Who's the Boss? with Upside Member Lindsay Tabas

In the Fall of ’02, Lindsay designed her first user interface while studying engineering at the University of Virginia. Since then, she has been passionate about designing technology for people. Under the name Lady Engineer™, Lindsay offers her clients a unique program that combines 1:1 coaching, startup focused scripts, templates and guides, and an exclusive support community with their peers.

What did you do in your past life before going out on your own?

Prior to launching my consulting business, I worked exclusively in the technology industry, first on enterprise software, then in startups. I started my career in the Bay Area with a twinkle in my eye to make it big in the startup scene. Over my career, I have worked sitting in between the customer, the engineer and the investor. With my engineering degree, I combined all that I know into a systematic process for getting founders up, running and sailing with confidence.

What's your current elevator pitch?

I help early-stage tech startup founders prove their market and revenue model so they sell the right product before spending a lot of money building the wrong one.

How long have you been working as a consultant?

Since Jan 2014.

What made you decide to go out on your own?

In 2013 I started an e-commerce boutique while working at a startup. Heading into 2014, I decided to find a full-time job at a slower paced and less demanding company. The plan was to test out a lot of my hard-won startup lessons in a “sandbox” with littler personal risk.

After 6 weeks, there was a major foil in my plan: The temp-to-permanent contract I took at this new company did not turn into a full-time job. I was without a job and had no idea when my next paycheck would come and from where. This was scary! Don’t get me wrong, I was panicking. I had not financially prepared to be out on my own.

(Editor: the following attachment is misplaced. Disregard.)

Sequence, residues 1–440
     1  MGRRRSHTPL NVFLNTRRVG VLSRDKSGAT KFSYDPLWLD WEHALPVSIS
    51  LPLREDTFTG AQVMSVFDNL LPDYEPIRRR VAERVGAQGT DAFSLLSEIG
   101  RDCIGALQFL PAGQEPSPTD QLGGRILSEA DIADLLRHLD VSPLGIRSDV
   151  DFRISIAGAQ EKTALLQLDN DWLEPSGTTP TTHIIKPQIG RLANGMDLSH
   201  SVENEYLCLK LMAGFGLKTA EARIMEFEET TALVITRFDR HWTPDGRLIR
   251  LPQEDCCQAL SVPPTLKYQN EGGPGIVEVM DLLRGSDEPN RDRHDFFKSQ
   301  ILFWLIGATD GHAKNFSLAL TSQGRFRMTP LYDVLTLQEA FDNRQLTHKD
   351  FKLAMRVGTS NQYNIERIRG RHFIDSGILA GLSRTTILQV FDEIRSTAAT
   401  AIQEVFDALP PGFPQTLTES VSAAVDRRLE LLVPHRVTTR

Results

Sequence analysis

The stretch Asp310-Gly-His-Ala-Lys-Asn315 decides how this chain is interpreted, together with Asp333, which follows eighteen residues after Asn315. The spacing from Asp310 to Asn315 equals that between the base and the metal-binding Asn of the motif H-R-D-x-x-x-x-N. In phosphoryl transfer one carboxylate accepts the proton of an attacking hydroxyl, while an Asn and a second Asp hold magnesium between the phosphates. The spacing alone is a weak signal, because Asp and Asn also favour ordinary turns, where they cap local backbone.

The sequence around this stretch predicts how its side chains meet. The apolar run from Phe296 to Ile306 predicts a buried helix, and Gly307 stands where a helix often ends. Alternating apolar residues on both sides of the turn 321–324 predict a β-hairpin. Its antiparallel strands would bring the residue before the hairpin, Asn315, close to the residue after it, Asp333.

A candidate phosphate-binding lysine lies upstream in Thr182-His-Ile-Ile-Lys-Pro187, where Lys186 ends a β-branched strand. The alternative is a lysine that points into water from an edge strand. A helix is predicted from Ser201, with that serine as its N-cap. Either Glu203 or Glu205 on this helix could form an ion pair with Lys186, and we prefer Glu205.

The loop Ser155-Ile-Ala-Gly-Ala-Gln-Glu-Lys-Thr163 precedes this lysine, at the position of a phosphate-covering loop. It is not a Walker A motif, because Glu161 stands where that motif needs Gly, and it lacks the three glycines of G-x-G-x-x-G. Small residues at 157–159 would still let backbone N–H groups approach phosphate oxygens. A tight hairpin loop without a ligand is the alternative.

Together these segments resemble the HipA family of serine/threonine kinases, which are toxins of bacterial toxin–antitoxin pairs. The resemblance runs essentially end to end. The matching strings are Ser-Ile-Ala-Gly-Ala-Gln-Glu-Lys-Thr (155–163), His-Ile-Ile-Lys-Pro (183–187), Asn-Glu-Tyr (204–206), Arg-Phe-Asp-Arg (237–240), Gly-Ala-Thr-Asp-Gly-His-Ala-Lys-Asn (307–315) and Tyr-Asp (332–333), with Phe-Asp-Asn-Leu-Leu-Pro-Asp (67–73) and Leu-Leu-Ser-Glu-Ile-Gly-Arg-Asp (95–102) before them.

In one week, putting some of my skills and tactics to work, I got a new contract making twice as much per hour for the next 3 months. Literally, I was unemployed for only 1 week. “So this is what entrepreneurship is like?” It was exhilarating.

What has been your biggest *win* as a consultant?

It’s important for me to not to sugarcoat things for others: the biggest *win* is that I’ve been standing on my own two feet as an entrepreneur for four years and counting. As far as work goes, I’d say doing consulting work for a Fortune 50 company while also coaching an entire cohort of Techstars’ startups made me even stop and pause: Wow.

What has been your biggest challenge as a consultant?

I know that Lauren Cracower said that “doing it all” is a big challenge, and I definitely agree; it’s not easy to learn to manage a business and manage yourself as a business. For me, the biggest challenge has been riding the emotional rollercoaster with finances and shaping a business model that I could truly scale as a consultant. It’s incredibly scary and empowering to not know where your next paycheck is coming from.

What was your biggest stumble and what did you learn from it?

In my first two years, I rode the wave, taking opportunities when and where they appeared. It’s really easy to do that in a city like New York; there are companies that will hire you for 3 weeks, 6 weeks, 3 months, etc. When I moved to Philadelphia, those opportunities don’t exist. So for year 3, my word was “focus” and it was powerful. I focused on managing myself, managing my business & managing myself as a business. When I really dialed into productivity and focused goal setting, I realized little strategy I had the first 2 years.

What do you love most about being a consultant?

Bar none, the freedom and flexibility. I don’t have to ask anyone permission to take the afternoon off to see my dentist. I can start working first thing in the morning without commuting an hour to sit at a desk. I can control when and who I meet with so I can use my most productive hours to do the work I need all my brain cells to do.

How did you land your first client?